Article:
Drought-induced decoupling between carbon uptake and tree growth impacts forest carbon turnover time

Steven A. Kannenberg, Antoine Cabon, Flurin Babst, Soumaya Belmecheri, Nicolas Delpierre, Rossella Guerrieri, Justin T. Maxwell, Frederick C. Meinzer, David J.P. Moore, Christoforos Pappas, Masahito Ueyama, Danielle E.M. Ulrich, Steven L. Voelker, David R. Woodruff, William R.L. Anderegg

Research output: Contribution to journalArticlepeer-review

17 Scopus citations


The ability of forests to withstand, and recover from, acute drought stress is a critical uncertainty regarding the impacts of climate change on the terrestrial carbon (C) cycle, but it is unclear how drought responses scale from individual trees to whole forests. Here, we assembled a dataset of tree-ring chronologies co-located within the footprint of eddy covariance towers across North America and Europe, with the aim of quantifying the sensitivity of tree radial growth versus gross primary productivity (GPP) during and following drought. We found that drought induced a large decoupling across C cycle processes, whereby GPP was relatively resistant to water stress despite large reductions in tree-ring widths. This decoupling also occurred in the year following drought (i.e., a ‘drought legacy effect’), and was similar in magnitude in response to both summer and winter droughts. By modeling whole-forest C turnover time, we show that a radial growth-GPP decoupling has important ramifications for the forest C cycle, especially if the C not used to support radial growth is instead allocated towards pools with short residence times. Our results demonstrate that quantifications of drought impacts that rely solely on C uptake are missing this fundamental pathway through which drought alters the forest C cycle and the resulting feedbacks to the climate system.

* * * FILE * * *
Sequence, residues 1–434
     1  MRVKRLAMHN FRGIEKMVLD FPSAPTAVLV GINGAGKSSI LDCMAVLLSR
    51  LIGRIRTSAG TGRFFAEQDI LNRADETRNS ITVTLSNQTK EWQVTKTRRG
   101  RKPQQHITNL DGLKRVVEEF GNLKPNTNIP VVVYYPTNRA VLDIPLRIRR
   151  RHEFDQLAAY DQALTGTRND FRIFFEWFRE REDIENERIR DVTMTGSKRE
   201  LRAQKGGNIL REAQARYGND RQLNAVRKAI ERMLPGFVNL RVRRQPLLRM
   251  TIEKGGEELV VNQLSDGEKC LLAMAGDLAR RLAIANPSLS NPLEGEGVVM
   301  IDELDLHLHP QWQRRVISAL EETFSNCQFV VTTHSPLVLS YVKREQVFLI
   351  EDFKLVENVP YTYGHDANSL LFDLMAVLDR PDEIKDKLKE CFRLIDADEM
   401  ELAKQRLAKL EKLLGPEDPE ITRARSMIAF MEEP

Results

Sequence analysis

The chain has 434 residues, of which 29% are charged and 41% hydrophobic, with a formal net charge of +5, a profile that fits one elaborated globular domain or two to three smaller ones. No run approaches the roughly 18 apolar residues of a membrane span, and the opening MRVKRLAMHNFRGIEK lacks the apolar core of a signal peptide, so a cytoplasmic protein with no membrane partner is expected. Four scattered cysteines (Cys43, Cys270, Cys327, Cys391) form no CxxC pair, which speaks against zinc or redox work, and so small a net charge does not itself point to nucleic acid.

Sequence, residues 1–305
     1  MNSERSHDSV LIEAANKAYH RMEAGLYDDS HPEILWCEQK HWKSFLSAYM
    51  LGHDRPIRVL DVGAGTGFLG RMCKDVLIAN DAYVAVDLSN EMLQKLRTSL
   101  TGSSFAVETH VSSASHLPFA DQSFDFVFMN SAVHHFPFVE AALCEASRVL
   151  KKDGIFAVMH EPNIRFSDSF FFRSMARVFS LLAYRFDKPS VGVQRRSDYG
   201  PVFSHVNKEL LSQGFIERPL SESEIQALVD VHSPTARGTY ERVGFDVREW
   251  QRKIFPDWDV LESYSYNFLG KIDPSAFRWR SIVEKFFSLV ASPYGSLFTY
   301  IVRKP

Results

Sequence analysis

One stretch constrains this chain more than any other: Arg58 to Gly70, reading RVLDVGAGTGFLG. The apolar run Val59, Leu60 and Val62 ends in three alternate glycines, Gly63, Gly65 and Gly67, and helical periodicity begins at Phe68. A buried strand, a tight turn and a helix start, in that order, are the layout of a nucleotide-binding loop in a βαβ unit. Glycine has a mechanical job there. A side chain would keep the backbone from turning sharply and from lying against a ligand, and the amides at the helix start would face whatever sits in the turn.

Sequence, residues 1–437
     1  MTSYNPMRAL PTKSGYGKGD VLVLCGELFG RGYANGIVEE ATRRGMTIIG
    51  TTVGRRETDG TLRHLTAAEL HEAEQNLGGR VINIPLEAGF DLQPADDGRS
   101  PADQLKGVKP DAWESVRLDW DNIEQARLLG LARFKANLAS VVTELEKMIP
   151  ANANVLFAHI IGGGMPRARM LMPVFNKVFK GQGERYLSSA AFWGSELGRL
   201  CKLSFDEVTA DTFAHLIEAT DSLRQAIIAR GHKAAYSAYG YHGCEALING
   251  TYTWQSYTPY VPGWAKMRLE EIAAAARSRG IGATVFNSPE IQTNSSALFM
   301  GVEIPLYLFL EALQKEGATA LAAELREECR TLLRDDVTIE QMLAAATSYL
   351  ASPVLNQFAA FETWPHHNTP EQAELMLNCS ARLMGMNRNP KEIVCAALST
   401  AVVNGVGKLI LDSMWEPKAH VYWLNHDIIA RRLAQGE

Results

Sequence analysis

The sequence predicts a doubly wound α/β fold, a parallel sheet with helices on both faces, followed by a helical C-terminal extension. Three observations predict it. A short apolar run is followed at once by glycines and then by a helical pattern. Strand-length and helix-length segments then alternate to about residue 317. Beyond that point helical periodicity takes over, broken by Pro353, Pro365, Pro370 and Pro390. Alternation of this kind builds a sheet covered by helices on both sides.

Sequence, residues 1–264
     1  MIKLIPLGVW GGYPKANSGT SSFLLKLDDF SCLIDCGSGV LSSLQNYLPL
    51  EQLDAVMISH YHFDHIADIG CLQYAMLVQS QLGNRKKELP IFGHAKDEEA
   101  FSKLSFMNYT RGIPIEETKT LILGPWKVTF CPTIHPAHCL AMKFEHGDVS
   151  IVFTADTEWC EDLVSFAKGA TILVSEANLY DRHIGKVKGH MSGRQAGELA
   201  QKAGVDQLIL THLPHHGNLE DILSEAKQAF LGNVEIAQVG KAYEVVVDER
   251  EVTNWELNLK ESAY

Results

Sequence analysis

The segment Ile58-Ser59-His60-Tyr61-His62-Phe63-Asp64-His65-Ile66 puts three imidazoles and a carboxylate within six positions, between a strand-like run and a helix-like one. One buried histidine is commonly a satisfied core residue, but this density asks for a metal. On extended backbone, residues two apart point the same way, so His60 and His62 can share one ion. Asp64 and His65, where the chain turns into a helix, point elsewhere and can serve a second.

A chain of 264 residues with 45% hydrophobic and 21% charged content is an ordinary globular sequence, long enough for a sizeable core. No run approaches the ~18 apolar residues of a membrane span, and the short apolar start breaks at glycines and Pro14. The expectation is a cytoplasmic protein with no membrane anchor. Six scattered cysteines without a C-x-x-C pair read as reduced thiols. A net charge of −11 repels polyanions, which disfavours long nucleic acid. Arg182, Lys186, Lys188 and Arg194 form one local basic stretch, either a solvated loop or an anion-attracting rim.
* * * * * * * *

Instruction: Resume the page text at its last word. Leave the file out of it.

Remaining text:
Original languageEnglish (US)
Article number108996
JournalAgricultural and Forest Meteorology
StatePublished - Jul 15 2022


  • GPP
  • Legacy effect
  • Resilience
  • Resistance
  • Tree rings

ASJC Scopus subject areas

  • Forestry
  • Agronomy and Crop Science
  • Global and Planetary Change
  • Atmospheric Science


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